- Associated Press - Sunday, December 25, 2016

HARRISBURG, Ark. (AP) - For 35 years, Larry Mills has served Poinsett County as a law enforcement officer, serving the last 20 years as sheriff.

Now, as he prepares to retire at the end of 2016, Mills is looking forward to providing a different kind of service for county residents.

“Woodworking has been my hobby since ninth-grade FFA,” Mills said. “I’ve built everything from gun cabinets to acoustic and electric guitars, mandolins … I’m going to do a lot of work in my shop, and then I’m probably going to go to some of these spring and fall festivals and have a booth space, and display and sell some of my crafts.”

Looking back on his two decades as sheriff, Mills said his success would’ve been impossible without the overwhelming support of the community.

“I’m very thankful, and I’m very appreciative I was given the opportunity to serve my community for 35 years,” Mills said. “Not everybody wants that opportunity; not everybody gets that opportunity.”

Mills said he will retire within a mile of his birthplace, according the Jonesboro Sun (https://bit.ly/2hdwp5Y ). The Harrisburg native served four years in the Navy from 1977 to 1981 before coming back home to work in the county jail. From there, he’s served as a city marshal in Fisher, a Harrisburg police officer, a sheriff’s deputy, assistant Harrisburg police chief and Harrisburg police chief, before becoming the sheriff in 1997.

“I’ve always loved people,” Mills said. “I’m a people person. I wasn’t in law enforcement very long before I realized that that was my calling. It never seemed like a job to me. People talk about dreading going to their job or workplace, and it just was never that way with me. I very much enjoyed my work.”

Mills said throughout his career one policy has shaped both his professional and personal life.

“If I could help someone I would, and if I couldn’t, I would tell them that I couldn’t and offer an explanation as to why,” Mills said. “That’s how I’ve tried to live my whole life.”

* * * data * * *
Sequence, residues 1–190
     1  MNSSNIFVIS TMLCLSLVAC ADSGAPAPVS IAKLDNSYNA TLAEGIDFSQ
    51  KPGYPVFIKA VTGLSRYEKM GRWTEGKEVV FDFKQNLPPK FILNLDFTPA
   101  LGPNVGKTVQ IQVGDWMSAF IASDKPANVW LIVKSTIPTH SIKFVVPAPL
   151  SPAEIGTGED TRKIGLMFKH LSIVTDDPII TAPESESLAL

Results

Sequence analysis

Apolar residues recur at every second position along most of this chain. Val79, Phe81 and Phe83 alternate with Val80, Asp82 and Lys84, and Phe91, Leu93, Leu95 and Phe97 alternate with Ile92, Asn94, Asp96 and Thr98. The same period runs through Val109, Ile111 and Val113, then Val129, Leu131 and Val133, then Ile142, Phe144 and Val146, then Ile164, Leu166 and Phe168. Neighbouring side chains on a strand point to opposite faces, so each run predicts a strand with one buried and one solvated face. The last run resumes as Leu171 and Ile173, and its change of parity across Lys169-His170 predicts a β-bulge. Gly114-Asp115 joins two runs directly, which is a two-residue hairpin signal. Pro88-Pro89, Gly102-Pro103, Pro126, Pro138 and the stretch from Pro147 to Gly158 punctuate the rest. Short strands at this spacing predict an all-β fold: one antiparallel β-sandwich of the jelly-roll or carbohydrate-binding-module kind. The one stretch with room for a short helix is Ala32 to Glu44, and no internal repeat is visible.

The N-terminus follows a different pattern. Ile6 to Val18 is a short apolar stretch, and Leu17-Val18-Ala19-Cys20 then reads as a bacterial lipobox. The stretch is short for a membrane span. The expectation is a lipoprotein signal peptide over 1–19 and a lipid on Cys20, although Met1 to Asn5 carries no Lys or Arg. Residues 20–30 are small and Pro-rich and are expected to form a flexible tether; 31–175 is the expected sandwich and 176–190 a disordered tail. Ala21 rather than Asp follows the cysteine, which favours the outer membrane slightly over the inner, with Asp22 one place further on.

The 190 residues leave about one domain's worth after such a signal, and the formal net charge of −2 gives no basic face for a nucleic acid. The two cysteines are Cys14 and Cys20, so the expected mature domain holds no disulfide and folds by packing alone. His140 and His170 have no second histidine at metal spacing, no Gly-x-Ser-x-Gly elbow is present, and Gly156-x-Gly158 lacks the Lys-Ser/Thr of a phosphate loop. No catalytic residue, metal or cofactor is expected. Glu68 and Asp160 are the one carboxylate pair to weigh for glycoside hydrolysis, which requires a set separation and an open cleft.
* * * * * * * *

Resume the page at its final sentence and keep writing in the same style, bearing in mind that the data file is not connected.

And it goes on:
Chief Deputy Kevin Molder, who is succeeding Mills as sheriff in 2017, noted Mills‘ commitment to character, both inside and outside the office.

“He led his life outside of this job the same way he ran inside the job,” Molder said. “He always did what was right, and that’s what he expected others to do.”

Molder said it’s been an honor working under Mills and hopes to continue his legacy of community involvement.

“He’s been a huge asset,” Molder said. “I didn’t run for sheriff for prestige or power but did it truly to make a difference in the county. I believe he did the same.”

While Mills often dealt with people who were on the wrong side of the law, he said he learned that everyone, and every case, is different.

“You have to keep in mind that everybody’s not alike,” Mills said. “We might wish sometimes that everybody was like us, or would think like us, but the fact of the matter is that’s not the case. You have to treat each case on its own merits. What works in one particular scenario may not work in another.”

Even though he’ll no longer be patrolling the streets, Mills said he will always call Poinsett County home.

“Home is home,” Mills said. “In my lifetime, I’ve done an awful lot of traveling … but when I’m gone about three or four days, I always look forward to coming back home.”

While deciding to retire may be a struggle for some people, Mills said the timing is just right for him to step away.

“I knew that it was my time to retire,” Mills said. “I’ve always hoped that I would know that; I have no regrets about the decision I made to retire.”

Molder said Mill’s leadership leaves him with some big shoes to fill.

“Poinsett County will lose a true leader,” Molder said. “I look forward to taking his place, and I’ll do the best I can to follow in his footsteps.”

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Information from: The Jonesboro Sun, https://www.jonesborosun.com


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